Shani and Ganapathi

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Shani Ashtami is observed when Ashtami or eighth day in a lunar fortnight in the Hindu calendar falls on a Saturday. Saturday in Hinduism is called Shanivar and is dedicated to Saturn, Lord Shani. Saturn is the only planet named as an embodiment of the Divine, called Sanieswaraya (Shani+eashwara). Shani Ashtami dates in 2015 are 11 April, 22 August, 5 September and 19 December. On occasion of this last Shani Ashtami in 2015, we look to Shani and Ganapathi.


Special prayers and offerings such as pujas and rituals are observed in South India on the day. Lord Shani is worshipped on the day. Prayers are offered to mitigate Saturn’s impact in one’s horoscope and elicit peace health and prosperity. On this last occasion of Shani Ashtami of 2015, we look to the relation between Shani and Ganapathi.

How Ganapathi obtained his Elephant Head

A lesser known story from the Brahma Vaivarta Purana narrates a version of Ganapathi’s birth. On the insistence of Shiva, Parvati fasted for a year to propitiate Vishnu so that he would grant her a son. Vishnu, after the completion of the sacrifice, announced that he would incarnate himself as her son in every kalpa (eon). Accordingly, Ganapathi was born to Parvati as a charming infant. This event was celebrated with great enthusiasm and all the gods were invited to take a look at the baby. However Shani, the son of Surya, hesitated to look at the baby since Shani was cursed with the gaze of destruction. However Parvati insisted that he look at the baby, which Shani did, and immediately the infant’s head fell off. Seeing Shiva and Parvati grief-stricken, Vishnu mounted on Garuda, his divine eagle, and rushed to the banks of the Pushpa-Bhadra river, from where he brought back the head of a young elephant. The head of the elephant was joined with the headless body of Parvati’s son, thus reviving him. The infant was named Ganapathi and all the Gods blessed Ganapathi and wished Him power and prosperity.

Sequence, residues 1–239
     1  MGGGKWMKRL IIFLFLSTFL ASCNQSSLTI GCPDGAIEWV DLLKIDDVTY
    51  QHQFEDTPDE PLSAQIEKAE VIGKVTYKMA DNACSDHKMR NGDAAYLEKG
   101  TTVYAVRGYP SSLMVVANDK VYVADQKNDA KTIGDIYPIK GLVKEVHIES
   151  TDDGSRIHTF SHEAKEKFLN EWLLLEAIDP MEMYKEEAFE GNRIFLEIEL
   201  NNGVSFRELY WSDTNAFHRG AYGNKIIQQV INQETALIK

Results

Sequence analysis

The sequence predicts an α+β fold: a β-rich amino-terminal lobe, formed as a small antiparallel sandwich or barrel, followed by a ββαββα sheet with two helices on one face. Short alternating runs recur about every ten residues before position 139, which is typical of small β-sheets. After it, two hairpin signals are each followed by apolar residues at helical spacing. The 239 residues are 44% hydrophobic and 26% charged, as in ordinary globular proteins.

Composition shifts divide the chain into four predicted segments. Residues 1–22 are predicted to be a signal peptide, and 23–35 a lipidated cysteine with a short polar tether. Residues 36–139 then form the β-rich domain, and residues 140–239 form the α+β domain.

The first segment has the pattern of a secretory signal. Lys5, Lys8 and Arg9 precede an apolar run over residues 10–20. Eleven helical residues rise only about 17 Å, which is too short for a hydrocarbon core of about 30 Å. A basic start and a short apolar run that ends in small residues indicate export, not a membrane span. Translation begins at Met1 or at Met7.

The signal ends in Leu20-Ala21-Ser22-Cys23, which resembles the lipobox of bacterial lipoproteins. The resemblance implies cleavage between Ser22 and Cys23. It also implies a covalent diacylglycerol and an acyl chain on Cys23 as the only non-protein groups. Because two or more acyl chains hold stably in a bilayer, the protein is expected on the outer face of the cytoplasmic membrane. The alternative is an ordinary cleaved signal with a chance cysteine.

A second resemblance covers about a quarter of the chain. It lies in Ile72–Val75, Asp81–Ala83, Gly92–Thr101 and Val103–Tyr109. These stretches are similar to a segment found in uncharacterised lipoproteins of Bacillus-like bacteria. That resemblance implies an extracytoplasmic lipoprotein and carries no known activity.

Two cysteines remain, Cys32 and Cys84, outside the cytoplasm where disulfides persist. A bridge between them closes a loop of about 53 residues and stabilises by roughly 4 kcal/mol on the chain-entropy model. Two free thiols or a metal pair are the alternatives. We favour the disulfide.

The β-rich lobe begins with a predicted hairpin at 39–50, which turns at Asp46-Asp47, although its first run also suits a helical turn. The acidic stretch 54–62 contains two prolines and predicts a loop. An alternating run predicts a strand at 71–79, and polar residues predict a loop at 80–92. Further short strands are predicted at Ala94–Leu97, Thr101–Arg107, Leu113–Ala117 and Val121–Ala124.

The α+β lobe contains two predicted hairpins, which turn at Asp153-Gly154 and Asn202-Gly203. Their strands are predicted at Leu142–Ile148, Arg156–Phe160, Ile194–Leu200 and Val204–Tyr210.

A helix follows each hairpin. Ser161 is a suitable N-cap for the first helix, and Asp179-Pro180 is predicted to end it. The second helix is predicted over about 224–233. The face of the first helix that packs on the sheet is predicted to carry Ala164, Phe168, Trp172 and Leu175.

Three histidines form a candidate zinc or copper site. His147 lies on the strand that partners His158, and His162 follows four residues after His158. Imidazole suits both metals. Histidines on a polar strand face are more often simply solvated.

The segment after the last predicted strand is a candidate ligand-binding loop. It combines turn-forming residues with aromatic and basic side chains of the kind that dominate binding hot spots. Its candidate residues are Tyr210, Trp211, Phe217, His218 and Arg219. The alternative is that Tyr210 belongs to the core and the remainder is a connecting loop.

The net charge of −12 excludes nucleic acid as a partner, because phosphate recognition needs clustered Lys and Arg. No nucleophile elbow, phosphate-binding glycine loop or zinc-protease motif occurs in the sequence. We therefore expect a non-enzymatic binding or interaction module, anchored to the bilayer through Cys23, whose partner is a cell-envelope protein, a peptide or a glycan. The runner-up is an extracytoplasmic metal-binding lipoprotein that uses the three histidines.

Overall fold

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Ganapathi has many dimensions and aspects. As son of Lord Shiva, Ganapathi has the honour of being worshipped first in any sacred undertaking. Ganapathi is known as Son of Lord Shiva, Master of all Knowledge, Supporter of the Universe, Remover of Fear, Remover of Obstacles, Bestower of Salvation.

Shani (Planet Saturn) on the other hand, is known as manda, the slow one, son of the Sun and Chhaya ( the shadow wife of the Sun), the lazy one, the big toothed one, the lame one, the one who dwells in rubbish and refuse, the one who wears rags, the one with the cruel sight (drishti), the one who gives longevity.

We might turn to Ganapathi to remove obstacles; Shani give obstacles to help us develop discrimination and detachment from what happens in the external world. We may turn to Ganapathi for a clarified intellect; Shani gives frustration and delay in that we might learn to manage the mind and not let our minds manage us. We may turn to Ganapathi for removal of fear; Shani grants longevity so that we may finally come to know that fear does not exist in the world of light.